Tag Archives: Kindness

Democracy, Kindness and the Fourth of July

Last night I attended the annual fireworks display in Sebastopol, California. We celebrate a day early in Sebastopol, but who’s counting? The event is a stereotypical example of small town America at its best.

With over 4,000 people crammed onto the high school football field, it was challenging for latecomers to find an empty spot, but everyone was accommodated in close quarters, and nobody seemed to mind.  (In this case, a latecomer is someone who—like myself—arrives several hours before the main event.)

A flag ceremony led by fife and drum preceded the singing of the national anthem, and then—fireworks! The pyrotechnics were punctuated by whistles, explosions, and the “Ooohs” and “Ahhhs” of the appreciative audience. It was peaceful. It was fun. When it was over, thousands of people poured out of the stadium in orderly fashion. Some of us walked a mile or more to our cars. Despite the inevitable jostling, merging and waiting, the atmosphere was cheerful—small town living at its best. And, yet, as I sat on that football field, I was troubled. Was I the only one in the crowd ruminating on the state of the Nation? I believe my country is at a crossroads.The principles of democracy that have held our country together seem to be unraveling. I’m worried. And, so, as I left the event last night my mind was spinning. Thoughts raced through my head keeping me awake all night. Now, as I write, they are spilling onto my blog.

Deepak Chopra stated that, “Nationalism is just another form of tribalism.” Those who know  history (and it seems that not many Americans do), know that a worldwide rise in nationalism invariably leads to conflict on a global scale. “My country, right or wrong,” is not my motto.  When my country is wrong, I want to do everything in my power to make it right. Among other things, I can: vote; peacefully protest; contact my elected officials; write letters to the editor, and speak up for those who have no voice. I can be kind.

When did lashing out at people who are different from us or who disagree with us become acceptable? I recognize that lots of Americans are angry. I’m aware of many of the reasons why. To be honest, I’m angry, too. I’m angry that many of our elected officials are placing political interests and the quest for the might dollar ahead of the interests of the people who elected them. But anger doesn’t fix anything unless it is channeled into energy, commitment, sacrifice, and purpose. I’m sure Martin Luther King Jr. was angry at times, but it wasn’t his anger that brought about change. He channeled his anger into a higher purpose— “We are not advocating violence. We want to love our enemies. I want you to love our enemies. Be good to them. Love them and let them know that you love them.”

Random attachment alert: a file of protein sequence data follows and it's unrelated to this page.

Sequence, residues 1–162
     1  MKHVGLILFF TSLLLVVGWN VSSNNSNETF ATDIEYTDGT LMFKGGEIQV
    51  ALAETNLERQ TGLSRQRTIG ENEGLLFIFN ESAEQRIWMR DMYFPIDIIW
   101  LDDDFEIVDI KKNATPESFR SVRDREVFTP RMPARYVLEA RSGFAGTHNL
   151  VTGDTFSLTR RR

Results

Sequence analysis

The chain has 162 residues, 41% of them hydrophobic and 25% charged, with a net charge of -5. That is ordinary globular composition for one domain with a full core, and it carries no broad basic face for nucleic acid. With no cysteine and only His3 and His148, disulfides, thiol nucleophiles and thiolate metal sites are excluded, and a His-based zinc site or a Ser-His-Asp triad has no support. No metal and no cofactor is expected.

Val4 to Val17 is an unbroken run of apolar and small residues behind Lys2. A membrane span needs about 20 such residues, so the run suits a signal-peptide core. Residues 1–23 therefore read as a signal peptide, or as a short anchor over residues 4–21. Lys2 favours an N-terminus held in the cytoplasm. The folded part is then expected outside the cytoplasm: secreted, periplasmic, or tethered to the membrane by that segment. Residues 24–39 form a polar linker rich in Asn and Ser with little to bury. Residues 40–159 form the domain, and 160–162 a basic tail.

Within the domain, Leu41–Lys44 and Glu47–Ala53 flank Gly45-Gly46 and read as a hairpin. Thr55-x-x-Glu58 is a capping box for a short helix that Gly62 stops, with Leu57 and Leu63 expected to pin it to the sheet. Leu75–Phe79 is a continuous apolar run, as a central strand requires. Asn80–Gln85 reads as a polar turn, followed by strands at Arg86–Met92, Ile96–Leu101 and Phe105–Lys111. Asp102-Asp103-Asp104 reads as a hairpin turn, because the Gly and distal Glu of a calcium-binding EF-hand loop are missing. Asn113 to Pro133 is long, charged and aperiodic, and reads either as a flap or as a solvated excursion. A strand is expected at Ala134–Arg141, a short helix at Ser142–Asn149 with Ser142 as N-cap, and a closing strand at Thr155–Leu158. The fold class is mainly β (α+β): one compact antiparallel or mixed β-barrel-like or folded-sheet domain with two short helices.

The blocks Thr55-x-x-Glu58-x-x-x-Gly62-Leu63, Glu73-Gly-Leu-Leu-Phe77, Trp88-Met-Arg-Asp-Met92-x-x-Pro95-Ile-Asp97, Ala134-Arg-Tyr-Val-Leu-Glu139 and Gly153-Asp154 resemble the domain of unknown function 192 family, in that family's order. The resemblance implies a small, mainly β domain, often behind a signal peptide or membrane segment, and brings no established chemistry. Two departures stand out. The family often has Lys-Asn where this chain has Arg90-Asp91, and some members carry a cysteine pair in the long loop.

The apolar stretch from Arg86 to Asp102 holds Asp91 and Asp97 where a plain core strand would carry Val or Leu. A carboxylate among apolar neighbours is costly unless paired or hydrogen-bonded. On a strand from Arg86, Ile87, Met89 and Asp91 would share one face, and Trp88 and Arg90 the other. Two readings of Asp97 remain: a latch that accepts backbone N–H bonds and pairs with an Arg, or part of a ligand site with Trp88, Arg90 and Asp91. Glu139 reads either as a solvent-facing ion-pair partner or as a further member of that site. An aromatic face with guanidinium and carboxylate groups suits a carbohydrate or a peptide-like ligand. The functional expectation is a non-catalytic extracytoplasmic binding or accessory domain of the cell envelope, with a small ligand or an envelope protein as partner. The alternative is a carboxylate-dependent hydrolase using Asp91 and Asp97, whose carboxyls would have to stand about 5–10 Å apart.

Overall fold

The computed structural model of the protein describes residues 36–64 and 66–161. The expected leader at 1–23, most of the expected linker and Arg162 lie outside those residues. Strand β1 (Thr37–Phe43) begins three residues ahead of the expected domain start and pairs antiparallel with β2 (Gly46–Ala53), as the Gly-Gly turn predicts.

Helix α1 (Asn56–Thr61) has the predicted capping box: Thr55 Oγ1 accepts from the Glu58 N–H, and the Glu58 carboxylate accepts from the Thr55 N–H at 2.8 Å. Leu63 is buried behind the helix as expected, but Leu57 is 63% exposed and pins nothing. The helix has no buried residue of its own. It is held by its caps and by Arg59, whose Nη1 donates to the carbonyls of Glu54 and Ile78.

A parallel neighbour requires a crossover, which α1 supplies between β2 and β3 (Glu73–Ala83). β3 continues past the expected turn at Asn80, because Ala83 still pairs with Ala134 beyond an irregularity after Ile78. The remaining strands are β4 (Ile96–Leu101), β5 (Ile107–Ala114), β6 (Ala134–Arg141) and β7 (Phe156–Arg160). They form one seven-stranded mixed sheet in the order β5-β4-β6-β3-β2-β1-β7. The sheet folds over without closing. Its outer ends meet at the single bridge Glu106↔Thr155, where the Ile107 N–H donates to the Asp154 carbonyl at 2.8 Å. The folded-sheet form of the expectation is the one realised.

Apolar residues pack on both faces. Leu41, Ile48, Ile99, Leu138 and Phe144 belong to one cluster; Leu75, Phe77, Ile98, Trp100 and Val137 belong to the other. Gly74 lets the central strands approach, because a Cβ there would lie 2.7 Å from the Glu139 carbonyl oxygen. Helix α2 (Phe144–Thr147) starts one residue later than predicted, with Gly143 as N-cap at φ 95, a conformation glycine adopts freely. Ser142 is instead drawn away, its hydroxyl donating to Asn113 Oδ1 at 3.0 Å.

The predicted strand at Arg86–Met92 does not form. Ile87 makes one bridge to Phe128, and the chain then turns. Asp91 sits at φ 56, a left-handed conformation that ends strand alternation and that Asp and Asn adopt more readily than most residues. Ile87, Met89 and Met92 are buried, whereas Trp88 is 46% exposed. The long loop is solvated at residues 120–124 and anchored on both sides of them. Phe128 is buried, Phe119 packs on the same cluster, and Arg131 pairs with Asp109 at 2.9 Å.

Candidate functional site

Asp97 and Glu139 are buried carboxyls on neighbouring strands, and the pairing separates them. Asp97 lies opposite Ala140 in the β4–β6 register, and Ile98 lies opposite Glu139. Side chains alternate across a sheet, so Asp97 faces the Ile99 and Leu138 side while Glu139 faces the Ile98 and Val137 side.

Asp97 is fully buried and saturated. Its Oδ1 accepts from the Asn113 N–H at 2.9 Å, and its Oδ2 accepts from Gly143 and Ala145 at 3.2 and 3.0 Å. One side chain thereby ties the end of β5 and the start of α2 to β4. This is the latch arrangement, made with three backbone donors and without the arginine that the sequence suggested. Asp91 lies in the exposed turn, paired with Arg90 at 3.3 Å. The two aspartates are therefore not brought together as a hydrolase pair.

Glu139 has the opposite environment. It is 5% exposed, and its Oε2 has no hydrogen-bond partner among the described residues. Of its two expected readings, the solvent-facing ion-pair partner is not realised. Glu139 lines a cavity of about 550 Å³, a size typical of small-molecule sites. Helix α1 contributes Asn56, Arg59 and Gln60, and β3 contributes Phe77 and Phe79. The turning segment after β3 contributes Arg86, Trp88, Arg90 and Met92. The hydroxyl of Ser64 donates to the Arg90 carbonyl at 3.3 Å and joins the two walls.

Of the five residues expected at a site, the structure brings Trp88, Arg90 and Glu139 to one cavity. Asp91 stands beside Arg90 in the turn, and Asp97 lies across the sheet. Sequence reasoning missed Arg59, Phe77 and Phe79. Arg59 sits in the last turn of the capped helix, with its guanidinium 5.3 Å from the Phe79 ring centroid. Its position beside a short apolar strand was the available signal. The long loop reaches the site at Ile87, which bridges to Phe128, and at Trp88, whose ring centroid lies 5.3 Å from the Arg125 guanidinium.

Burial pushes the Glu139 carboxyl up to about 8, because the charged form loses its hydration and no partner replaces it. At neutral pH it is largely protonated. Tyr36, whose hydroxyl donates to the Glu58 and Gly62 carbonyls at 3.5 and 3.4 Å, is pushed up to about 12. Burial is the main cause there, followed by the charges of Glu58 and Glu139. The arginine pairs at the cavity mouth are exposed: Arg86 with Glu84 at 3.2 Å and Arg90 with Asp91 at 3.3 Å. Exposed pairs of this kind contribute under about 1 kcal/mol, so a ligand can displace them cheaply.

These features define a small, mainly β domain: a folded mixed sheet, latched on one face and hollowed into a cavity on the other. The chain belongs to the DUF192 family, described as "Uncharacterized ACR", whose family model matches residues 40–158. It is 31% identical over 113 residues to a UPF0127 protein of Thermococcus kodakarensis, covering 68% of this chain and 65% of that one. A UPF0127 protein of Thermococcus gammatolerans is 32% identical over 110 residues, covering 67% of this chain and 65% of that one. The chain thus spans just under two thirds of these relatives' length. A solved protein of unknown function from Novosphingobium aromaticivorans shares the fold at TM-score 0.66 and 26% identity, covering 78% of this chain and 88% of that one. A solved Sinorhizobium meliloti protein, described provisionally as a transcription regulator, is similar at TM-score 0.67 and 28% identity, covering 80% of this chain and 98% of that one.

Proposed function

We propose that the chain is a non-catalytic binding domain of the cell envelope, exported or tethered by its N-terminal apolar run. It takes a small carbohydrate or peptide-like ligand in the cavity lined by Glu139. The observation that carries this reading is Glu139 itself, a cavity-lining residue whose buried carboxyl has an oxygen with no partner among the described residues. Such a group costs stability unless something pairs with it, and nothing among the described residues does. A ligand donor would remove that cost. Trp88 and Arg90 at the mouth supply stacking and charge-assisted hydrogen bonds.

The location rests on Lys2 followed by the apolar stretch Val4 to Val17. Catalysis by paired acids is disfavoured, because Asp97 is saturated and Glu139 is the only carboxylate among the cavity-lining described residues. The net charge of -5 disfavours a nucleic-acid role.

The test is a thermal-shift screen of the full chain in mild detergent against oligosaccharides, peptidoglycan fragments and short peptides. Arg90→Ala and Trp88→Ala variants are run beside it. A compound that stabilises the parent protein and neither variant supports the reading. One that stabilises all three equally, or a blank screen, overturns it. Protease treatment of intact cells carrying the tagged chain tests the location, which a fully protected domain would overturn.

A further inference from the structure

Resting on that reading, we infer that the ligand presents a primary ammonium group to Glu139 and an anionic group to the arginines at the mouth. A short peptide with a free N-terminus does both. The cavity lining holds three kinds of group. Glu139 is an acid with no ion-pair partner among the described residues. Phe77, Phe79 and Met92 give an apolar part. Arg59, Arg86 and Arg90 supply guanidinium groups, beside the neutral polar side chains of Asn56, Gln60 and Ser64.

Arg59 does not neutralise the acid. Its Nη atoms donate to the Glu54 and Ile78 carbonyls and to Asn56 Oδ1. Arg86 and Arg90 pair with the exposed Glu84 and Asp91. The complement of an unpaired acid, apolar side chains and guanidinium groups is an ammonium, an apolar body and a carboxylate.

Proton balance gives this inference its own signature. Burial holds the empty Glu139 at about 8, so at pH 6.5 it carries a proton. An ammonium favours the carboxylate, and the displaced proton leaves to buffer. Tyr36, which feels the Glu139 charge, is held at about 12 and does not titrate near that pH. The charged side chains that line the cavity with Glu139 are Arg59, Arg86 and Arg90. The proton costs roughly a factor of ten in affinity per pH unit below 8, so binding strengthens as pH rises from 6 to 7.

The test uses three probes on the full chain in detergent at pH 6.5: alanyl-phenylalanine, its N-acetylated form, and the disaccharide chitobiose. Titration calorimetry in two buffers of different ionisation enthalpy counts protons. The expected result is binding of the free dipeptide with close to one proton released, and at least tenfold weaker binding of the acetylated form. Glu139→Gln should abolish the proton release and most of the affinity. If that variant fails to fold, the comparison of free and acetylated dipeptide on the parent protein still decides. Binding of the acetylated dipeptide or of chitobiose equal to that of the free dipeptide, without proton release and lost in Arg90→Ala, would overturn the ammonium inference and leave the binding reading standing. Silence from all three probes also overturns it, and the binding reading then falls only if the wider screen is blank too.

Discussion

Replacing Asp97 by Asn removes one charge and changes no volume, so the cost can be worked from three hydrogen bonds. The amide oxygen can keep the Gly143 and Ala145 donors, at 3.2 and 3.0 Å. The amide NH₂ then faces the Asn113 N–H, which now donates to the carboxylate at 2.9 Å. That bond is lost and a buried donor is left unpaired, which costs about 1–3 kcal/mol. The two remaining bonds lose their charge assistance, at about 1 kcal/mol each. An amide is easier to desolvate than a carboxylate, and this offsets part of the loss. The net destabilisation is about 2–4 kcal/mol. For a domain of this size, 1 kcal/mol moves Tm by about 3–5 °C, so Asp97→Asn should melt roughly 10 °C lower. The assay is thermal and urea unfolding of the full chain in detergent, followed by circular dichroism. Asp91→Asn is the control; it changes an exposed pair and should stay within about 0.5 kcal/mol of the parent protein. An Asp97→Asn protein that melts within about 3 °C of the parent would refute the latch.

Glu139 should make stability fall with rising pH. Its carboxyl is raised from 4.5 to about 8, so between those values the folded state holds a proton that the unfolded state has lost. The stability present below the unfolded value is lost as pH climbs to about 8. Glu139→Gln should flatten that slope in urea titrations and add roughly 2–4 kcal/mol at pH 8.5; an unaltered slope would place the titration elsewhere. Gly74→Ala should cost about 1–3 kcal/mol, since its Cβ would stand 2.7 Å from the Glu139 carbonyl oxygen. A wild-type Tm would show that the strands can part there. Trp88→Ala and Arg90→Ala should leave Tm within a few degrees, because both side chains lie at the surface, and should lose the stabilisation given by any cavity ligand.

No matter who you voted for, you have the right to have your own beliefs and to say and think what you think. In a democracy, everyone is free to choose their own religion and practice their religion as they see fit. Every individual has the right to enjoy his or her own culture along with the members of their group, even if their group is a minority. However, everyone has an obligation to exercise these rights peacefully, with respect for law and the rights of others.

A lecture given at Hills University for Humanistic Studies titled What Is Democracy? says it all. I urge you to follow the link to the transcript of that talk and read it. In the meantime, what can I do to channel my anger into a higher purpose? Of all the things I outlined above, I believe the last one on my list is the most important—PRACTICE KINDNESS—not just toward the people you like, but toward everyone. Forgive the person that cut you off on the highway. Practice patience. Think before you react. Refrain from gossip. Use social media to bring people together, not drive them apart. Smile. Say thank you (even if you didn’t really want it). Don’t engage in defamatory remarks against anyone.  For those of you who espouse to be good Christians, but are happy to tell me who you hate,and presumptuous enough to tell me who God hates, remember that Jesus hated no one—not the Romans who ruled his people with an iron hand, not his own people who demanded his death, nor tax collectors, prostitutes and thieves.

I’m doing my best to practicing the Golden Rule. I invite you to join me. It takes practice. Some days I know I’ll do better than others.  Remember, it is not “Do unto others as they have just done unto you,” but rather, “Do unto others as you would have them do unto you.”

Someone once asked the Dali Lama, “What is your religion?”

His simple reply—”Kindness.”

HAPPY BIRTHDAY AMERICA!